The Food Project: Youth. Food. Community.

Skip to main content

Dumplings with Your Neighbor

Susan Prepares Garlic Eggplant
Susan Prepares Garlic Eggplant
This blog was written by TFP Community Programs Associate Allison Daminger about the first installment in our "Cooking with Your Neighbor" workshop series this winter.


A small group huddles around a pot of boiling water in The Food Project's kitchen in Dorchester. "How will we know they're done?" asks one woman. The answer comes from across the room, where Shuyun (Susan) Zheng is busy slicing a head of Napa cabbage: "They're done when they float!" she calls.

The pot-watchers' eagerness to do things correctly is understandable; they, along with twenty other neighbors and community members, have spent the past three hours mincing, chopping, rolling, and mixing their way through an introduction to Chinese cuisine, and it's almost time to eat the fruits of their labor. In addition to the dumplings boiling on the stove before them, class participants are looking forward to garlic eggplant, stir-fried tofu and tatsoi, and a Chinese cold dish composed of cabbage, carrots, apples, and kelp.

The afternoon's culinary activities mark the start of The Food Project's "Grow Well, Eat Well, Be Well" program, a series of gardening and cooking workshops to be held throughout the winter and spring of 2013. Each cooking class spotlights a talented home cook in the Dudley neighborhood and offers participants a chance to try their hand at an unfamiliar cuisine. Susan, today's guest chef, is a gardener (look for her tomatoes at next year's farmers market!) and nutrition consultant in addition to a cook, and participants are grateful for the chance to learn from her expertise. "I really enjoyed Susan's enthusiasm and knowledge and appreciated her patience," one woman remarks after the class wraps up; another names her willingness to answer participants' questions as an important feature of the afternoon.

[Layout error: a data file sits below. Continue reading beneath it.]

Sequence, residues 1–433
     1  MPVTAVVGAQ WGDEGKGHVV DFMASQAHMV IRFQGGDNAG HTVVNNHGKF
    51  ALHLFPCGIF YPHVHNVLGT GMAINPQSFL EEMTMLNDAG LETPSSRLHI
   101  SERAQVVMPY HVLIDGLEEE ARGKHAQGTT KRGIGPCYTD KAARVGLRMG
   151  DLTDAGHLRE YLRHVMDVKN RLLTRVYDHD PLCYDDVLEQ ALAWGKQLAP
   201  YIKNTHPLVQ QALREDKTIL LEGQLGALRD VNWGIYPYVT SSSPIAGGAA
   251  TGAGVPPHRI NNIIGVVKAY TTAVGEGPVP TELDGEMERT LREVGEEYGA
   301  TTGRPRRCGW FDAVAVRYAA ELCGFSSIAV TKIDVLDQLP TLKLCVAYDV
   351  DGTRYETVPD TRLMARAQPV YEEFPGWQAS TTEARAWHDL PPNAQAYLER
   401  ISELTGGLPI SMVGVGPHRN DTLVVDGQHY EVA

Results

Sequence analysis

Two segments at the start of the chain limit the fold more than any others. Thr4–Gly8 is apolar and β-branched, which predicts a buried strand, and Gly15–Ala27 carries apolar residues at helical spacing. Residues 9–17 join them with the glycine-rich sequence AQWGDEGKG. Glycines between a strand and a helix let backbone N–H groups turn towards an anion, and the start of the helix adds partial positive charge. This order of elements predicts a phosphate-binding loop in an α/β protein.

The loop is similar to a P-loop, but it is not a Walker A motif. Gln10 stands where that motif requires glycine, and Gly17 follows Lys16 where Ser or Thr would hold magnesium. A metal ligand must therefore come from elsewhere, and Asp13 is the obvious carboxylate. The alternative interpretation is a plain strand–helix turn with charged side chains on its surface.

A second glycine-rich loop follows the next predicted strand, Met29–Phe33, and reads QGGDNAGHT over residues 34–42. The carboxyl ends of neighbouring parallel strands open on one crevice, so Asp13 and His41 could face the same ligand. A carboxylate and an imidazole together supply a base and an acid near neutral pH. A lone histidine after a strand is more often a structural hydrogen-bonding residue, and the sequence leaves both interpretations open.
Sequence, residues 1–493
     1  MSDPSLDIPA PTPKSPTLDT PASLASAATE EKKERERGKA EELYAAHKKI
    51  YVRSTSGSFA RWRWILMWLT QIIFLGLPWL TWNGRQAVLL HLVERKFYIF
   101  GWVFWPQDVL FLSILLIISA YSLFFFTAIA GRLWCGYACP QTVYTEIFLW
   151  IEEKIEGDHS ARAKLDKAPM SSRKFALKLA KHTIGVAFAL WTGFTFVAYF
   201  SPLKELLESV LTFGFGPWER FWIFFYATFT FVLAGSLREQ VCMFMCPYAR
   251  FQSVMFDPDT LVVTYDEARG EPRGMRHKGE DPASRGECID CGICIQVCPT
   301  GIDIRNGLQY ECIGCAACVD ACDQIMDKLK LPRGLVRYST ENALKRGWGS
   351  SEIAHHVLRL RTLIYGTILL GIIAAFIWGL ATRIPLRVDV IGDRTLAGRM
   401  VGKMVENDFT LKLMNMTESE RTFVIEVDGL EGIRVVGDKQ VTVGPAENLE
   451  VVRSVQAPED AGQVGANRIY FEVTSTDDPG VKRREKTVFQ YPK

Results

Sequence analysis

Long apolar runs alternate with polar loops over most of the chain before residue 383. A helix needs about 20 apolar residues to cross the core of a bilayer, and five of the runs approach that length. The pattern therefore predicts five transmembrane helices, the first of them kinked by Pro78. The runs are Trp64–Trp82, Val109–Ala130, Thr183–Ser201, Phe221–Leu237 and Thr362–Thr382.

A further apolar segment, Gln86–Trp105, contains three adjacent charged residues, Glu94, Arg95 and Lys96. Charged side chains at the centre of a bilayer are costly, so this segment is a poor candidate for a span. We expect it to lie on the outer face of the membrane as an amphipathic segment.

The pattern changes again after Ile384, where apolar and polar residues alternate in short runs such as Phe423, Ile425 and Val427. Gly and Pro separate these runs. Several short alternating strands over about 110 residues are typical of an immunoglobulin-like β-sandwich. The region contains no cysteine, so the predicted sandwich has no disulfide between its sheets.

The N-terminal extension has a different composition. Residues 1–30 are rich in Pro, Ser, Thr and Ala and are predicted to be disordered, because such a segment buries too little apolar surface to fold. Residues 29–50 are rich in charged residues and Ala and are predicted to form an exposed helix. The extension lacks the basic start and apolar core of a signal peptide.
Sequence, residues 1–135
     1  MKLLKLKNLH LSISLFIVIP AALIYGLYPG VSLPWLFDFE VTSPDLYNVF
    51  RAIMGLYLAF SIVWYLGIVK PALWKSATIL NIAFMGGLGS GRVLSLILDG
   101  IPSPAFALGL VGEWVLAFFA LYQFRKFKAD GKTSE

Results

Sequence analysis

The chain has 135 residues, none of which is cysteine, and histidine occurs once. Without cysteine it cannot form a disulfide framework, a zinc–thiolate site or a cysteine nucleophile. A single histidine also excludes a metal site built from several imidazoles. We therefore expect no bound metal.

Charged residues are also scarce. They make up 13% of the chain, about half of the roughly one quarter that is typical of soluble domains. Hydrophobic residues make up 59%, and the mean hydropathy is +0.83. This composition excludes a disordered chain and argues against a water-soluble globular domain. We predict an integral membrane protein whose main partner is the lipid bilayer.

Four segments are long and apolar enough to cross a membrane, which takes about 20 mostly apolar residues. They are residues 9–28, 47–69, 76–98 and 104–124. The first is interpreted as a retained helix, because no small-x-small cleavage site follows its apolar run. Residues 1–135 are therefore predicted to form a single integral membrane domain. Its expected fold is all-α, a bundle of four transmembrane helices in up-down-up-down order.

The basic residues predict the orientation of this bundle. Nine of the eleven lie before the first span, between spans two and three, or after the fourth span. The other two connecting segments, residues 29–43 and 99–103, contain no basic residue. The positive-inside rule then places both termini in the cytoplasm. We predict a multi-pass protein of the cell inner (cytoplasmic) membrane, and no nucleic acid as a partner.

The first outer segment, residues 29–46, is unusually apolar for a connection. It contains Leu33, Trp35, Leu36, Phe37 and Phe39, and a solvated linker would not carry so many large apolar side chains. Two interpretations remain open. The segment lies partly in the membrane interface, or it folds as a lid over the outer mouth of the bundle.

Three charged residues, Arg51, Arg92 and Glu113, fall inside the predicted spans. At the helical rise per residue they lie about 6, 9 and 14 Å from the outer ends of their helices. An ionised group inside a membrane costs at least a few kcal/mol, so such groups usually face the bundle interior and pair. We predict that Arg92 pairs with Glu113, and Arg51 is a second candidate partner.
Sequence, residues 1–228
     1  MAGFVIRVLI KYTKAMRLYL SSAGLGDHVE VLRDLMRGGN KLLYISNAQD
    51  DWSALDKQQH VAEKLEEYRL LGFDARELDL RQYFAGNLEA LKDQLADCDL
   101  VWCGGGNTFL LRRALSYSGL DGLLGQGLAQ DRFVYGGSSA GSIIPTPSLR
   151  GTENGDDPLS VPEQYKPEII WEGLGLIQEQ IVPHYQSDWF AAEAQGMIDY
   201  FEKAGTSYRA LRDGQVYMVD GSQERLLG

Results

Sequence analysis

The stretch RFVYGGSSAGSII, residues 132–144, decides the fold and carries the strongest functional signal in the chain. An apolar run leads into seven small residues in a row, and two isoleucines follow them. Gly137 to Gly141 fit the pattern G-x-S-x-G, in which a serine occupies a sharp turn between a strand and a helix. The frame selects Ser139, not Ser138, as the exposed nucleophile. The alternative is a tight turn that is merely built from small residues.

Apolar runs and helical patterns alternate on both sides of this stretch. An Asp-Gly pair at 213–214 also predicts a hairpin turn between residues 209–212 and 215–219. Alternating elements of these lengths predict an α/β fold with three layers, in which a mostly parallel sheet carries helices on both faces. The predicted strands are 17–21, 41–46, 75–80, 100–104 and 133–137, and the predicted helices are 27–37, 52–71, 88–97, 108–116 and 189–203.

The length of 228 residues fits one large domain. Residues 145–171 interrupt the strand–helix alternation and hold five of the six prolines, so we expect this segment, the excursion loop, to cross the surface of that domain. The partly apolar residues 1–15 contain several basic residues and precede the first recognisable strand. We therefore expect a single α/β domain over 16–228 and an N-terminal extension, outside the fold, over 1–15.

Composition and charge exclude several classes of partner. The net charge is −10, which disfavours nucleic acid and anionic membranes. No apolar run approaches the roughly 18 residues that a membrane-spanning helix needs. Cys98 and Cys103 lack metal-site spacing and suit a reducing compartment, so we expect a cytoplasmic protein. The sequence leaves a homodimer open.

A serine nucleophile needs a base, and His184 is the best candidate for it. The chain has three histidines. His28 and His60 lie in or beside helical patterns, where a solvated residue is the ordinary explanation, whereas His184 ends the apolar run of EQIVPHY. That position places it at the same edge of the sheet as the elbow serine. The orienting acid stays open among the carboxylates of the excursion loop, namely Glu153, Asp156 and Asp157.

Susan is not the only teacher present, however. As the afternoon progresses, class participants - largely strangers to one another before today - begin swapping cooking tips and recipe ideas; everyone seems to benefit from her classmates' descriptions of previous kitchen triumphs and mistakes. Conversation momentarily subsides when the food is ready, however, as everyone focuses their attention on the dishes they've helped to prepare. The garlic eggplant is a surprise favorite: "It's so simple!" one woman marvels, "I'm going to go home and make it tomorrow." The dumplings, too, get rave reviews: "So much better than the kind you get at a Chinese restaurant!" remarks a satisfied participant. The others nod in agreement. Armed with leftovers and recipe sheets, they head out into the snow prepared to impress their friends and families with a fresher, healthier version of take-out favorites.


What participants are saying about the class:

"I really enjoyed Susan's enthusiasm and knowledge and appreciated her patience. I liked learning cooking tips from other participants and working together to prepare the delicious food."

"The food was easy to make and delicious, and I gained appreciation for the instructor's cultural background. It was a free and very fun activity for my husband and me. I would do it again and recommend it to friends."

"I had great conversation with the other folks [at the workshop]. The instructor was very willing to answer questions. Everyone was able to participate in both the preparation and cleanup. The atmosphere was inviting and comfortable."


For more information about the "Grow Well, Eat Well, Be Well" workshops, download a flier or contact Community Outreach and Education Manager Kathleen Banfield at [email protected].

Share this post: click here to share this page

categories: , , , ,